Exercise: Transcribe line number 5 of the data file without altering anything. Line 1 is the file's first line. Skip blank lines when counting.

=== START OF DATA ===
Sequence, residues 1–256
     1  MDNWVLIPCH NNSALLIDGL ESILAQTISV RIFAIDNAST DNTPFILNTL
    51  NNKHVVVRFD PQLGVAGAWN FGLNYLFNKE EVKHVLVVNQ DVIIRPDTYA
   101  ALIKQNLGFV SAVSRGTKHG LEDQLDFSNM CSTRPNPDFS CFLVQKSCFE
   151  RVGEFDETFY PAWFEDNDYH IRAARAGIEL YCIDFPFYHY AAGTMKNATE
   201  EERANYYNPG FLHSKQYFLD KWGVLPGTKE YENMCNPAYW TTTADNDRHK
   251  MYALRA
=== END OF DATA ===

   151  RVGEFDETFY PAWFEDNDYH IRAARAGIEL YCIDFPFYHY AAGTMKNATE